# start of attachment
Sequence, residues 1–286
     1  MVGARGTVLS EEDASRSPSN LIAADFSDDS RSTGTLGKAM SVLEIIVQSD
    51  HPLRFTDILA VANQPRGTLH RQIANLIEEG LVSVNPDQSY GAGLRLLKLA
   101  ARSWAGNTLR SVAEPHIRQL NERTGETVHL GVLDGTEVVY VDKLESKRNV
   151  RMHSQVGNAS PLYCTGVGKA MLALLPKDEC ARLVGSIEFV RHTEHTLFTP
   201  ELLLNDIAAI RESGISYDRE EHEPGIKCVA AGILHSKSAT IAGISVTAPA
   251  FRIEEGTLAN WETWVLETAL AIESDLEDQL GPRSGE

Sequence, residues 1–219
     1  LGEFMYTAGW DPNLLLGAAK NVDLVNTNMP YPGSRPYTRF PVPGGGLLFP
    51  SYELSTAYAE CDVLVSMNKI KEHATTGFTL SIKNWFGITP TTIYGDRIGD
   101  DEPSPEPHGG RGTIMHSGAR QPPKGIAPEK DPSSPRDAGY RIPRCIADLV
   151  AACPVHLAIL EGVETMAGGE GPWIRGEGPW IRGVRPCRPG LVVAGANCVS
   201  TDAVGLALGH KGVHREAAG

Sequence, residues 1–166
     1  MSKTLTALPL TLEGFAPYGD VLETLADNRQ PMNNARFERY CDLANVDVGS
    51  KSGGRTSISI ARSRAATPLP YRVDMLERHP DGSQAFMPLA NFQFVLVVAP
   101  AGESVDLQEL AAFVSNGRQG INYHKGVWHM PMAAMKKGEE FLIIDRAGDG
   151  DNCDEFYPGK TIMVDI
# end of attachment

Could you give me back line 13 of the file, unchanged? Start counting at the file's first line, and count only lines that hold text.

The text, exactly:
   201  TDAVGLALGH KGVHREAAG